Military Consumer Protection Day is right around the corner! Mark your calendars for July 17. To get in gear, we’re hosting a Twitter Chat June 26 at 2pm (EDT). Staff from the FTC, DoD’s Military One Source, and Military Saves will answer questions for 60 minutes about buying a new or used car and other issues related to vehicles. To participate, follow @FTC and Tweet questions with the hashtag #mcpd or #MCPD.
Are you a servicemember who’s curious about credit? Or are you dealing with debt? Maybe you’re a military spouse who wants some tips on managing money. Then join us for a Twitter chat about consumer protection issues on June 19 at 2 p.m, Eastern. FTC staff – and our partners at DoD, the Consumer Financial Protection Bureau’s Office of Servicemember Affairs, and Military Saves – will answer questions for 60 minutes on credit, debt, and savings. To participate, follow @FTC and Tweet questions with the hashtag #mcpd.
Aah, summer break. School’s almost out, and camp season is just around the corner. Whether your kids are attending a program for sports, arts, or education, there’s plenty of fun to be had this summer…and plenty of forms to be filled out.
Summer program forms may require you to provide your child’s personal information — like their Social Security number. While this may seem routine, it’s important to do what you can to protect sensitive information from falling into the wrong hands.
Elder abuse is recognized by experts as a public health crisis that crosses socio-economic borders. Although millions of older Americans are abused, neglected, and exploited every year, an estimated 84 percent of cases go unreported.
Does your dad think spyware is James Bond’s tux? When you tell him to be careful about phishing, does he ask you about mercury levels in the lake? When you remind him to clear the cookies on his PC, does he remind you he doesn’t eat in the office?
If you answered yes to any of these, it may be time to give Dad a lesson in cyberspeak.
Shopping around for a home loan will help you get the best financing deal. A mortgage is a product, so why not apply the same tactics you use before you make any other major purchase? The cost of a mortgage depends on your credit history, and involves rates, points, fees, private mortgage insurance, and other factors, so it’s best to compare, compare, compare.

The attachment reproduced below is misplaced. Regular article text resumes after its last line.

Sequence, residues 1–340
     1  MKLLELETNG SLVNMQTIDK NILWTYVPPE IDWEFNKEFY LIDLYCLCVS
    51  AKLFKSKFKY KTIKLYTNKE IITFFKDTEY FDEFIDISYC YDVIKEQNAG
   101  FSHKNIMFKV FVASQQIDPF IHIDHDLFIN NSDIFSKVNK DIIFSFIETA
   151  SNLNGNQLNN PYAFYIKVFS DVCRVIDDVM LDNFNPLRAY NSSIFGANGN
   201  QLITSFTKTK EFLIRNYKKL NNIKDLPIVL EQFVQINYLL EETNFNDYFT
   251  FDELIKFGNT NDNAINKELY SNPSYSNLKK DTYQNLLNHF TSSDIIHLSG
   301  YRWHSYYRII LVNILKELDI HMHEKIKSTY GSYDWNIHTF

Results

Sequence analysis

Calling all military families and veterans! Are you looking to protect yourself or your family from fraud, identity theft, and scams? Maybe you’re curious about the best way to use credit, shop for a used car, or maximize your security online.
Military folks are consumers, too – and critical to the economy. Just ask the 1.4 million men and women on active duty or the 1.1 million in the National Guard and Reserve forces. But the unique challenges of military life – frequent relocation, separation from family and friends, and the stresses of deployment – can make military households an attractive target for scam artists. In fact, during 2012 the Federal Trade Commission logged more than 62,000 complaints from servicemembers, veterans, and spouses about their experiences in the marketplace.
That led the FTC and its partners to sponsor Military Consumer Protection Day on July 17, 2013. It’s a great day to empower military and veteran communities with information as the first line of defense against consumer fraud.
Today the FTC and federal, state, and international law enforcement partners announced 191 recent actions against companies scamming travelers and timeshare property owners. Many of the cases — including the FTC’s — involved timeshare resale scams.
Planning a vacation can be overwhelming. And while there may be options for virtually every budget, there also are lots of pitches made that, frankly, may be a little generous for the situation. Here are some tips to get you started.
Consumers may get some added protection from fraudulent telemarketers under some proposed changes to the FTC’s Telemarketing Sales Rule. Right now, the Rule spells out when telemarketers can call and what they must say. The FTC has proposed changing the Rule to end the use of certain payment methods that fraudulent telemarketers prefer and as a result, increase protection for consumers.